Wednesday, May 09, 2007

05/09 Wednesday Hero

Spc. Josiah H. Vandertulip
Spc. Josiah H. Vandertulip
21 years old from Irving, Texas
2nd Battalion, 7th Cavalry Regiment, 1st Cavalry Division
October 14, 2004

Louise Vandertulip fussed at her son about his spending. He bought wild, overpriced hats that had flames on them or horns coming out of the top, she said.

While in Army basic training, he bought portraits of himself. His mother told him to save his money.

She's glad he didn't listen.

The hats and the pictures are all a part of her memories now.

Spc. Josiah H. Vandertulip was killed in Baghdad when his patrol came under small arms fire.

Josiah Vandertulip joined the Army right after his graduation from Irving High School in 2002. He spent a year in South Korea before being stationed at Texas' Fort Hood in February. Against his mother's advice, he volunteered to go to Iraq. She told him to wait, to go to college.

"When he was determined to do something in his heart, he would do it and hell or high water couldn't keep him from it," she said

By going, he knew someone else with a young family could be saved from serving, relatives said.

He always had the important things right, Louise Vandertulip said.

"There's a lot of rest in knowing that he died doing what he believed in and doing what he thought was right," she said.

"We have a much more real sense of the cost for the freedom that we enjoy now," said his father, Robert Vandertulip.

"Josiah was the first brand new soldiers I recieved as a dismounted team leader in Korea. He was one of the Best soldiers I have had the honor to train and work with. He loved being a soldier as much as any guy I have met. He was a great leader in the absence of his superiors. I could always count on him to make sure the mission was accomplished. I watched him change over the year I had him from a goofy kid, to a hard charging soldier."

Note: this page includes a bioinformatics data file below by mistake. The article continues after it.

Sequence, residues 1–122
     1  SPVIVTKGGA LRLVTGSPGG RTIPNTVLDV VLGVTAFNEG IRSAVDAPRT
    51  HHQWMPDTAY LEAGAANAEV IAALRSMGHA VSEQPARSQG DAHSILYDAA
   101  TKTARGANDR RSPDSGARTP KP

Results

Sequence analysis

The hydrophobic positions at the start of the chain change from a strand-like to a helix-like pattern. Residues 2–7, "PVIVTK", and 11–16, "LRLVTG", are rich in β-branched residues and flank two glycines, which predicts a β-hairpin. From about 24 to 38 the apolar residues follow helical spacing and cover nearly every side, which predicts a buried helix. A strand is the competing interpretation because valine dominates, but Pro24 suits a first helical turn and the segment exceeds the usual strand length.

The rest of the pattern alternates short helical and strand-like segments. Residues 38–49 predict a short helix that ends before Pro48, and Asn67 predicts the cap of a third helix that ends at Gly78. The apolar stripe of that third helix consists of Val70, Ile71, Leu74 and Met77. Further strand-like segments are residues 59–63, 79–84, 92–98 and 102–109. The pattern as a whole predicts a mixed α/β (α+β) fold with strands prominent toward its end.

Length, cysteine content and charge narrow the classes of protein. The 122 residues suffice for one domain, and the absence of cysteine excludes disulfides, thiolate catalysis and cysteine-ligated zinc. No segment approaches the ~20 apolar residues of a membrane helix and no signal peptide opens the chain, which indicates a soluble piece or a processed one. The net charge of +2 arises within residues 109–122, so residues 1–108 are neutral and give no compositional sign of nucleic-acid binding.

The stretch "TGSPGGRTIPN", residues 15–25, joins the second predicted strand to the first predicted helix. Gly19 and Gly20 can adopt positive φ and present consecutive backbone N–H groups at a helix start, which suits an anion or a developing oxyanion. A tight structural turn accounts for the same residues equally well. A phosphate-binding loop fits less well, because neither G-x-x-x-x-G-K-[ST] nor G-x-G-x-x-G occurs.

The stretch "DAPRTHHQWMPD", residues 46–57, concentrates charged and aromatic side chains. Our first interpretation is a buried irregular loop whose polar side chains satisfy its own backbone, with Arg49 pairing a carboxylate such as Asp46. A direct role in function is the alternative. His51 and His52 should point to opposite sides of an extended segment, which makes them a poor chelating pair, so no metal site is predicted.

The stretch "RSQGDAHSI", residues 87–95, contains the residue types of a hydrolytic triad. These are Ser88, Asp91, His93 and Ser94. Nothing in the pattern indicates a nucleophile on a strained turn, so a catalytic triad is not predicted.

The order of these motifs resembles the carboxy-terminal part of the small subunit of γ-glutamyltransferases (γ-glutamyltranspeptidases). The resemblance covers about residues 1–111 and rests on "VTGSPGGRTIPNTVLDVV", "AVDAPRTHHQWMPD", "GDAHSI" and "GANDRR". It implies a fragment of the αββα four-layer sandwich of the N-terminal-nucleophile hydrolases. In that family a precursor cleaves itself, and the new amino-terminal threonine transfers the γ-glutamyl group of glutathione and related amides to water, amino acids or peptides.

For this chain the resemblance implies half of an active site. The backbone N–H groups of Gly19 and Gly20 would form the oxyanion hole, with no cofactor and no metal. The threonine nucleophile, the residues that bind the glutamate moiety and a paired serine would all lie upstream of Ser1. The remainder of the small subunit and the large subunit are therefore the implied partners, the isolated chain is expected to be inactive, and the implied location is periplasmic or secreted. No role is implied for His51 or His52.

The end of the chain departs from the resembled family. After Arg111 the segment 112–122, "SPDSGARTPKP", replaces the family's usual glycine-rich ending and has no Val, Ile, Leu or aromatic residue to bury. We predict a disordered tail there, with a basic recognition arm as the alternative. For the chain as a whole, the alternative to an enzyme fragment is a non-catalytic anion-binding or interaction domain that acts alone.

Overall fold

Sgt. Nickolas Faul

These brave men and women sacrifice so much in their lives so that others may enjoy the freedoms we get to enjoy everyday. For that, I am proud to call them Hero.
We Should Not Only Mourn These Men And Women Who Died, We Should Also Thank God That Such People Lived

This post is part of the Wednesday Hero Blogroll. To find out more about Wednesay Hero, you can go here.

05/09 Morning Afternoon Report

This is just really stupid. I mean, I understand the point of the law, which is to keep prices fair. But, to penalize someone for supporting the community via discounted products is really bad.

Center City BP owner Raj Bhandari has been offering senior citizens a 2 cent per gallon price break and discount cards that let sports boosters pay 3 cents less per gallon. But the state Department of Agriculture, Trade and Consumer Protection says those deals violate Wisconsin's Unfair Sales Act, which requires stations to sell gas for about 9.2 percent more than the wholesale price. Bhandari said he received a letter from the state auditor last month saying the state would sue him if he did not raise his prices.
I’ve coached youth sports, I know how hard it is to keep a team equipped. And senior citizen discounts?
(…come on…let’s be real about this…)

That wasn’t the only stupid piece of legislative work that came to light. If Iraq was a construction project, and there were no lives on the line, I probably wouldn’t have too much trouble with the Democrats latest war funding proposal. This kind of funding initiative will get soldiers killed. Fortunately, it seems a large portion of the Senate understands that.
Under the bill, which is not expected to become law, Bush would get a $42.8 billion down payment. Then, after getting White House war progress reports in July, Congress would cast votes late that month on whether to release an additional $52.8 billion to continue fighting in Iraq through September, or whether to use the money to withdraw most of the troops by the end of this year.
Of course, President Bush is promising to veto this one, too.
(…I would love to see the Democrats fund the Senate like that. Can you imagine what would happen if they only got so much money IF they met some sort of real-world performance measurement?...)